clytemenstra: (Lots of books)
[personal profile] clytemenstra
That is the excitement. We catch only glimpses, a burst of movement, a flap of wings, yet it is life itself beating at shadow's edge. It is the unfolding of potential; all of what we might experience and see and learn awaits us.

This is a phenomenal book - the type of book that immediately made me want to flip to the start and read all over again. Set in Alaska at the tail end of the 1880s, its a story of discovery. Lt Colonel Allen Forrester, and his young teacher wife Sophie, are in Vancouver when he sets off on an expedition to discover the wilds of Alaska. The tortured history of America's greatest state is laid bare in this - previously owned by Russia, then sold to the USA, the indigenous tribes faced humiliation when "the white man" came.

Framed in modern times, by letters sent by an elderly relative of the Forresters, to a young museum curator living in Alpine, Alaska, the novel takes the form of diary entries by both Allen and Sophie, letters between Walt and Josh, and interspersing texts that I thought were from one other character, but having read it, I now think its another. Both the Forresters have their own journeys to make. As Allen copes with the unforgiving harshness of Alaska's beauty, leading him and his men to find the Indian villages, treacherous lakes, and, astonishingly, a baby. Meanwhile, Sophie grapples with two lots of grief - one concerning her father, the other her child. Through this she discovers photography, and at this point the narrative veers into an interesting look at the strict roles for women in the late 1880s. There is also the bitchy backbiting of the other officers' wives to contend with. In the same way Allen forms bonds with Pruitt and Tillman, his two accompanying soldiers, so Sophie becomes friends with her Irish house-girl, Charlotte, and Evelyn.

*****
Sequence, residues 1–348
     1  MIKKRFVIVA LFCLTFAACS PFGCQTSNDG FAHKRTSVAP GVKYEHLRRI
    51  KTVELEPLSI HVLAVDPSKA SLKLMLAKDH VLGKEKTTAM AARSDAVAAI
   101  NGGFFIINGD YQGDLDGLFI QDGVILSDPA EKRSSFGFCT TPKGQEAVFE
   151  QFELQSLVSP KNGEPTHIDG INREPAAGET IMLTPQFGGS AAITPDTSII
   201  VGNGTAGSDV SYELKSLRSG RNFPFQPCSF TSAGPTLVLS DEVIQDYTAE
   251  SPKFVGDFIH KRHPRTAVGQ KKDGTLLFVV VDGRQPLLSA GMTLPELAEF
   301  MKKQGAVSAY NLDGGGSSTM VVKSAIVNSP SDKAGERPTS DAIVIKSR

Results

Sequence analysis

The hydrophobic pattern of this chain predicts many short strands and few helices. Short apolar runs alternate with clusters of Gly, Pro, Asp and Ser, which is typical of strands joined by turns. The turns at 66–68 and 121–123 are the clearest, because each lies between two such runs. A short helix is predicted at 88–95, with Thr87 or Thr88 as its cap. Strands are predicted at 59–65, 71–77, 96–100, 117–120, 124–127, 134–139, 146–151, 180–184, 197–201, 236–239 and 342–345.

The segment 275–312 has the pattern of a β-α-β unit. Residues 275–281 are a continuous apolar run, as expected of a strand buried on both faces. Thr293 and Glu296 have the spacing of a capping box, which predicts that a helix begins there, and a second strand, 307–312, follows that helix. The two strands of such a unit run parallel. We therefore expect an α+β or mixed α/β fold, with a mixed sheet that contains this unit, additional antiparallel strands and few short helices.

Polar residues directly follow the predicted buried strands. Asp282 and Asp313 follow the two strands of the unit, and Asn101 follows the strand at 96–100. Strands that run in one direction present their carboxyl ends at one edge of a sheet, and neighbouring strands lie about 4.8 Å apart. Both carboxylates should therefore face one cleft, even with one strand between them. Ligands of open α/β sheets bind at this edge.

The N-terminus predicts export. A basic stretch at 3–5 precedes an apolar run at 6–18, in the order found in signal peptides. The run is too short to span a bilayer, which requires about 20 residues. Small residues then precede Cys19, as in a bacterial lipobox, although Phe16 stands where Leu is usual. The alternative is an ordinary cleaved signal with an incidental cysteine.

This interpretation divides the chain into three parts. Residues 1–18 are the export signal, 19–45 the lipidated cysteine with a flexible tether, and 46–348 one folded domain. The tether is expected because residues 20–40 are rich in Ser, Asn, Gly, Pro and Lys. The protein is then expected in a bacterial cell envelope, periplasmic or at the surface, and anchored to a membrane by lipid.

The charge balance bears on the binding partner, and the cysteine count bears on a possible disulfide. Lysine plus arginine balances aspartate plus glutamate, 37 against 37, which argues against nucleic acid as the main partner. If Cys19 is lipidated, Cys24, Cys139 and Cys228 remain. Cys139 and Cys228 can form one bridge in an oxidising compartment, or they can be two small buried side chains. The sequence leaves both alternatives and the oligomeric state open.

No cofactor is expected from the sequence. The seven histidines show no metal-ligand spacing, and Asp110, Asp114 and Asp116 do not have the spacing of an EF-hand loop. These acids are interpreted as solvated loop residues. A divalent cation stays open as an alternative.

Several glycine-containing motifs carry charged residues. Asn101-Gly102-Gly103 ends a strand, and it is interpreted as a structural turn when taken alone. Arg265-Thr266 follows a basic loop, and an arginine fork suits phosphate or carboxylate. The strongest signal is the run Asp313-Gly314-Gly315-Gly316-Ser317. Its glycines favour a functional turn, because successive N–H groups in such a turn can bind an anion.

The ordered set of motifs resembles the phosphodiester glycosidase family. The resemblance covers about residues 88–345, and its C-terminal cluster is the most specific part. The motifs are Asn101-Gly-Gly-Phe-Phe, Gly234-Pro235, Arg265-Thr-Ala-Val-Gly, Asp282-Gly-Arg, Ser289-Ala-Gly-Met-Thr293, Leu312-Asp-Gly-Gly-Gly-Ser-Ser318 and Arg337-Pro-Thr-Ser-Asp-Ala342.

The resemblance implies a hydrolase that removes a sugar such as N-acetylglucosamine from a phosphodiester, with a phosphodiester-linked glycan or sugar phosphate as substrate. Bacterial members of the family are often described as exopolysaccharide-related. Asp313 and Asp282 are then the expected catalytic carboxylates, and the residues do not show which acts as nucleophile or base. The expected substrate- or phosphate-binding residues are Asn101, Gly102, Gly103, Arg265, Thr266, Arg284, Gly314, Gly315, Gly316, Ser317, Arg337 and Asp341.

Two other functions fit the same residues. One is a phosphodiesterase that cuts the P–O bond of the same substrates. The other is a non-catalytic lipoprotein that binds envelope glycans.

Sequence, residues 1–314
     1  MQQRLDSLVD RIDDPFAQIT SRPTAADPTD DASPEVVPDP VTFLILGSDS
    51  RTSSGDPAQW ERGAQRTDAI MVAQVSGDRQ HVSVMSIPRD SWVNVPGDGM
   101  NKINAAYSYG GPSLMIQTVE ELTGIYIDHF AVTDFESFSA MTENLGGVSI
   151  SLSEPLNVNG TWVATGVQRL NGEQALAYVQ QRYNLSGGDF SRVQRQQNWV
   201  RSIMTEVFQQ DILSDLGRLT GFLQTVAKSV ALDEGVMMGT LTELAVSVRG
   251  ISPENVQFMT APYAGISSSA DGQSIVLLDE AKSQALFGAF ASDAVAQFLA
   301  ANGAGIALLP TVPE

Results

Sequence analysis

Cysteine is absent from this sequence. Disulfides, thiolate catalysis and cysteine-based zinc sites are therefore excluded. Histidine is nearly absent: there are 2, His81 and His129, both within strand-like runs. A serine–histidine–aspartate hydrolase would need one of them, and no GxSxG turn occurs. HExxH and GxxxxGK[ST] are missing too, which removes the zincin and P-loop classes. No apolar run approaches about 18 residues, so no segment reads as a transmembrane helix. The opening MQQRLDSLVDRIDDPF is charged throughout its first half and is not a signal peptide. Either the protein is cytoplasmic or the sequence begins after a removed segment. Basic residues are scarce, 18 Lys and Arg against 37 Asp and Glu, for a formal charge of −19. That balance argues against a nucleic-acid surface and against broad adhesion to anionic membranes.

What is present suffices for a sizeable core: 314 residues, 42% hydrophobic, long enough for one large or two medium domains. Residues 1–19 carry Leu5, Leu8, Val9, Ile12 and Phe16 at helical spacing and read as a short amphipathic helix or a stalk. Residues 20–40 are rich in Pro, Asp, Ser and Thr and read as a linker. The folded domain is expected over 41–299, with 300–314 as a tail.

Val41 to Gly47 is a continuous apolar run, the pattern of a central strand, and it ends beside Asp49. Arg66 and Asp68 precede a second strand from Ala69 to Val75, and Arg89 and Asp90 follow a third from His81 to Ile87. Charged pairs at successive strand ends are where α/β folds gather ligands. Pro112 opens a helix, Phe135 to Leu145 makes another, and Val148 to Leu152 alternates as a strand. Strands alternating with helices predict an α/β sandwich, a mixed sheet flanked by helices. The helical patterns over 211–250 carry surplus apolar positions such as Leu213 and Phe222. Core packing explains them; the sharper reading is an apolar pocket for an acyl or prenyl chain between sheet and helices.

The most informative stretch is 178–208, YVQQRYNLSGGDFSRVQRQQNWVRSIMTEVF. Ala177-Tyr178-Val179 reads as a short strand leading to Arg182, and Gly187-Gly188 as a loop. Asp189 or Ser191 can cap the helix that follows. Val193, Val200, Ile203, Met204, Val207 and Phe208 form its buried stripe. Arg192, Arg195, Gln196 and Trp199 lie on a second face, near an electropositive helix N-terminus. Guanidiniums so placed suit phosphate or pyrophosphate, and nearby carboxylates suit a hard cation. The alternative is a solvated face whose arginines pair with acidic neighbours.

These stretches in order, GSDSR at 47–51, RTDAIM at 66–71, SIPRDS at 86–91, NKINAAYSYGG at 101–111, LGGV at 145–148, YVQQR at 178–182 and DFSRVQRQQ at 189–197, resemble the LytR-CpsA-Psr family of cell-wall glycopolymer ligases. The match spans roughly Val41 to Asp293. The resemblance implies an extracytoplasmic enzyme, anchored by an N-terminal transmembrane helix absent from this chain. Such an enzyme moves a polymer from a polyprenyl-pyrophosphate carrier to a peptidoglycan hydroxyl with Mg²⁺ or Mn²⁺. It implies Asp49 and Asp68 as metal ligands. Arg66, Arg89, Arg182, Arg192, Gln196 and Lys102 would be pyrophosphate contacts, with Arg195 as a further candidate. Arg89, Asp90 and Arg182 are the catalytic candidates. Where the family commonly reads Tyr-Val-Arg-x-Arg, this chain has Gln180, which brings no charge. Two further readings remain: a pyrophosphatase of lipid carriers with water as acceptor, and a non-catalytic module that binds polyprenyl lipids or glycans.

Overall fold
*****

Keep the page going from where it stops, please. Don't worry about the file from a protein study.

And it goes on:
There is a sense of grief about this novel. Every character reads as though burdened with secrets, and equally, all are fully formed. In the depiction of Josh, an idealistic young man shines through, whereas Walt is an elderly man, tired of life, but sparked into life by the correspondence of someone younger. The mythology of the native tribes pervades this book, from the use of Shamans to a raven and a silver comb. The stories of goose-women and a woman who married a man who turned into an otter.

Absolutely wonderful. Read it.
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